While it is normal for everyone to have trouble focusing, those with attention deficit hyperactivity disorder (ADHD) often have severe symptoms that can cause a lot of difficulties at home, with friends or at school or university. Unfortunately, ADHD often manifests differently in girls than it does in boys and, as a result, many girls are never diagnosed. This means that many girls are never given the treatment they need, and are left to struggle mentally, socially and academically.
According to Healthline, ADHD is one of the most common conditions diagnosed in children. It is a “neurodevelopmental disorder that causes various hyperactive and disruptive behaviors. Symptoms of ADHD often include difficulty focusing, sitting still, and staying organised. Many children show signs of this disorder before age 7, but some remain undiagnosed until adulthood”. There are also “significant differences in how the condition manifests in boys and girls. This can affect how ADHD is recognised and diagnosed”.
According to the Centers for Disease Control and Prevention (CDC), boys are three times more likely to receive an ADHD diagnosis than girls. Healthline explains that this disparity is not necessarily because girls are less susceptible to the disorder, however, it is “likely because ADHD symptoms present differently in girls. The symptoms are often more subtle and, as a result, harder to identify”. Research has shown that “boys with ADHD usually show externalised symptoms, such as running and impulsivity. Girls with ADHD, on the other hand, typically show internalised symptoms. These symptoms include inattentiveness and low self-esteem”. These symptoms can also include being withdrawn, low self-esteem, anxiety, intellectual impairment or difficulty with academic achievement.
Since girls with ADHD “often display fewer behavioural problems and less noticeable symptoms, their difficulties are often overlooked”, explains Healthline. “As a result, they aren’t referred for evaluation or treatment. This can lead to additional problems in the future”. ADHD can be managed through “a combination of behaviour therapy and medication”, explains the CDC. If the ADHD remains undiagnosed, however, it is much more difficult to manage these symptoms and many girls continue to struggle as a result. This means that these symptoms will persist as female students go to university and will continue to make it difficult for these students to succeed academically and socially. Ari Tuckman, psychologist and author of More Attention, Less Deficit: Success Strategies for Adults with ADHD, explains that not treating ADHD can have many risks, including “[doing] badly in school, having social struggles, greater substance use, more car accidents, less likely to attend and then graduate college”.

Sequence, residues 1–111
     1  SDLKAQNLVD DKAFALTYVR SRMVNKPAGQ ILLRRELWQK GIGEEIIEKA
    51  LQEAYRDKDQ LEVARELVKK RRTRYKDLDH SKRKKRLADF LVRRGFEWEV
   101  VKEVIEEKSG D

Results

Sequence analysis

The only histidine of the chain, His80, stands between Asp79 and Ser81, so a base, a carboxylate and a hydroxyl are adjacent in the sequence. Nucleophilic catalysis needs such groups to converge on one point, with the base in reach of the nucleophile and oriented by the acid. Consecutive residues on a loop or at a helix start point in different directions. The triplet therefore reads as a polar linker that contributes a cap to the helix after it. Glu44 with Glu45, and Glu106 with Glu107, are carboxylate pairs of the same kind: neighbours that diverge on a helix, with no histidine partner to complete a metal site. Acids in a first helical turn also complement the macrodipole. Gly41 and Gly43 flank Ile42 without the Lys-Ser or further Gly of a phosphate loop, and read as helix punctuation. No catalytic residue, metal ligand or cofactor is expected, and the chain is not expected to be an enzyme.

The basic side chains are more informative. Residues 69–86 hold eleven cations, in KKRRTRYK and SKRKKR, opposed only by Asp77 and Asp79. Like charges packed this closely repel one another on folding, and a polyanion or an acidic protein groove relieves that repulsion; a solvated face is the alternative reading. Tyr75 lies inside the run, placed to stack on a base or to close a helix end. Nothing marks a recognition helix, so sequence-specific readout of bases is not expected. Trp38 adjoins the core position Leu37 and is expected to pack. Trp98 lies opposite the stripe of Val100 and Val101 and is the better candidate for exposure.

Treatment for ADHD in women and girls is essential since ADHD can impact their ability to function well in life, but it all starts with diagnosis. “When you know what you’re dealing with you can actually change the trajectory of your life, in all areas”, says Linda Roggli, founder of the ADDiva Network. Tuckman also explains that there is “a price paid in additional suffering from withholding a treatment that research shows is beneficial”.
Image: Masehle Mailula
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